HEGDE: So ClinVar did exist to a much smaller footprint before the ClinGen grant was awarded, and I think one of the big successes of ClinGen and therefore ClinVar encouraged so many webinars and meet-and-greets with labs early on after the 2015 publication to encourage labs to submit their variants to ClinVar, and that was a massive exercise. Remember, all labs are also competing with each other, so to go from that. For academic laboratories, it was easy to come to that conclusion that, “Yes, we will submit all our variants,” but when we are talking of private commercial labs, giving away that intellectual know-how or knowledge about a variant was not easy to convince. And today you will see in ClinVar almost across the globe, whether it is academic labs or commercial laboratories, they are now submitting to ClinVar. I think that’s a huge success to convince the community to come together, the testing community. The second thing is, ClinVar has gone through significant modifications. Early on the feedback was, “It’s very difficult to upload a variant to ClinVar,” versus now they have made that process much easier that it’s now easier to get those variants from any lab uploaded. You can set up some quarterly or half yearly plans to submit variants to ClinVar. And I think the third thing is NCBI folks, along with the ClinGen groups, have listened to what the consumer, which is a laboratory or a physician, are wanting to see in ClinVar, is the display of a variant has changed significantly. If you look back about five years ago how the variant submission looked, the display and now what is there, they are starting to collect evidence, adding multiple layers of evidence. The one thing which really needs to be done, so this is the successes, but is going to your latter part of your question is what needs to be done. The issue is, as you just mentioned, that the discrepancies between the labs are still there. So a lab which has submitted in 2016, let’s say, and today, if a lab goes in, at that lab could I call it a variant of uncertain significance and the latest version could be pathogenic or benign, either way, what happens is that you really need to take a look at those variants and bring it down to this most recent classification because for a laboratory with many directors doing interpretation, it’s very easy to understand that the variant classification also evolves over time. Versus, for newly certified directors or small laboratories, it’s not easy to understand what this all means, which one to follow. So I actively tell my fellows that look back at how many times that variant has been classified over a number of years and what evidence is available. But the display comes out as variant of uncertain significance and if you sort of click on it, it gives you that full range of variant classification that I think that should be the top priority to clean up this extensive accumulation over 10 years for certain variants. So that’s number one. The second thing is I think in terms of improvement, including that in vivo data is going to be very important. We heavily rely on functional genomics and the in vitro data, which is going to remain and this is going to be the primary way of interpreting or having functional evidence, but adding that is going to be important. And I think the step after that is this diversification into, they still have it today, is the risk alleles and the polygenic risk scores because labs are starting to report risk alleles and polygenic risk scores, so that’s going to be hopefully the next layer that gets brought into ClinVar as well.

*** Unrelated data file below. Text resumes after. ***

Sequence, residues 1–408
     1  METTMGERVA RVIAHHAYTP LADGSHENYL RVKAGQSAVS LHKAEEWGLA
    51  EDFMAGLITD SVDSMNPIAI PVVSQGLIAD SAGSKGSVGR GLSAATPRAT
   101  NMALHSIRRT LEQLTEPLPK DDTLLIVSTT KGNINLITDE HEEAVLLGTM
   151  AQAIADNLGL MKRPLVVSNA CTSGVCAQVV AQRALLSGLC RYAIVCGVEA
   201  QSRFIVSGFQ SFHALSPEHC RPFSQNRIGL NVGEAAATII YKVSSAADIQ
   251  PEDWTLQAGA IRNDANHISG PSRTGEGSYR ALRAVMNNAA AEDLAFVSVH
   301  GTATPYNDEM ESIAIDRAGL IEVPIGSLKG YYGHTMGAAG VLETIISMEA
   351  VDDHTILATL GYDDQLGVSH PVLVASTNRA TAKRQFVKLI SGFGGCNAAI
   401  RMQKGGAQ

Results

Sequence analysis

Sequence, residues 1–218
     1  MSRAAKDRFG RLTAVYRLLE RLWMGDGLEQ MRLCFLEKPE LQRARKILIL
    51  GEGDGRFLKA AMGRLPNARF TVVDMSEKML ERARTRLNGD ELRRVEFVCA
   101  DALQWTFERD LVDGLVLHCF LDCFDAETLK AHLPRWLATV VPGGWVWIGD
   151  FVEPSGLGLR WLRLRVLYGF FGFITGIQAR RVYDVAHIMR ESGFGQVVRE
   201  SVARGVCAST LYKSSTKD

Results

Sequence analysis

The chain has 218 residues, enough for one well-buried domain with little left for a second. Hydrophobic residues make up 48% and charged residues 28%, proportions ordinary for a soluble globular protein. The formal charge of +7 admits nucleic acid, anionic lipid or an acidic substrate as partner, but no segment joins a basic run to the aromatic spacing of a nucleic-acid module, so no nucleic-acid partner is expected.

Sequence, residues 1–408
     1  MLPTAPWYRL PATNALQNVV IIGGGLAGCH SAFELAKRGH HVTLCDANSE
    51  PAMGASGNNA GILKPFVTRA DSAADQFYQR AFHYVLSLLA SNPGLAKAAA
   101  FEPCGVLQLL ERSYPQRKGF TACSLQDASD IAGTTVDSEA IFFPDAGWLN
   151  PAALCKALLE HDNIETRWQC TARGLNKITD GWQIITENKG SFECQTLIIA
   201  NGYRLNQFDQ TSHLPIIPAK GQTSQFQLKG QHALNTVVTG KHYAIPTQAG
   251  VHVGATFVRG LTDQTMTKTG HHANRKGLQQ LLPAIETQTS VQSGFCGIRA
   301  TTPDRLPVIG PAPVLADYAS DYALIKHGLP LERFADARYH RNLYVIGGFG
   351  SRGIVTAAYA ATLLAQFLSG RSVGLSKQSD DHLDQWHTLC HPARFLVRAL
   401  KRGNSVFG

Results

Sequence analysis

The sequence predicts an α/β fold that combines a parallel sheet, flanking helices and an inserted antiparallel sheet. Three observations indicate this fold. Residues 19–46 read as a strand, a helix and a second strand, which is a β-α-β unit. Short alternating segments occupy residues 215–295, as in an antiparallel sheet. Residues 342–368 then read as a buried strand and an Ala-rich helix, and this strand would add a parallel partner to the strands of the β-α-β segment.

GARLAPOW: Wonderful. Thank you, Madhuri. So recently, the FDA has established FDA-approved variant classifications in ClinVar. What this means is that some variants have FDA approval based on committee concordance, so a committee of experts. What are your thoughts on this? What does this and then after your thoughts on this, what does this mean for very rare variants and what about for polygenic risk scores which you just mentioned?